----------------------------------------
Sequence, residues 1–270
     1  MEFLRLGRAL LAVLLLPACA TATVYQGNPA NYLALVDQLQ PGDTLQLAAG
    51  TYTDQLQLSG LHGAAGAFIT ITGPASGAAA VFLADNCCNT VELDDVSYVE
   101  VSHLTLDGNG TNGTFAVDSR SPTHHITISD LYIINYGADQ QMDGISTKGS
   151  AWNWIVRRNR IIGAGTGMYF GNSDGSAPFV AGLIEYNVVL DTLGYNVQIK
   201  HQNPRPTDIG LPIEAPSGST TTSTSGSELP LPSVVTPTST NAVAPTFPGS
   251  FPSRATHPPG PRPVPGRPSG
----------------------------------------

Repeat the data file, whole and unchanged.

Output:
Sequence, residues 1–270
     1  MEFLRLGRAL LAVLLLPACA TATVYQGNPA NYLALVDQLQ PGDTLQLAAG
    51  TYTDQLQLSG LHGAAGAFIT ITGPASGAAA VFLADNCCNT VELDDVSYVE
   101  VSHLTLDGNG TNGTFAVDSR SPTHHITISD LYIINYGADQ QMDGISTKGS
   151  AWNWIVRRNR IIGAGTGMYF GNSDGSAPFV AGLIEYNVVL DTLGYNVQIK
   201  HQNPRPTDIG LPIEAPSGST TTSTSGSELP LPSVVTPTST NAVAPTFPGS
   251  FPSRATHPPG PRPVPGRPSG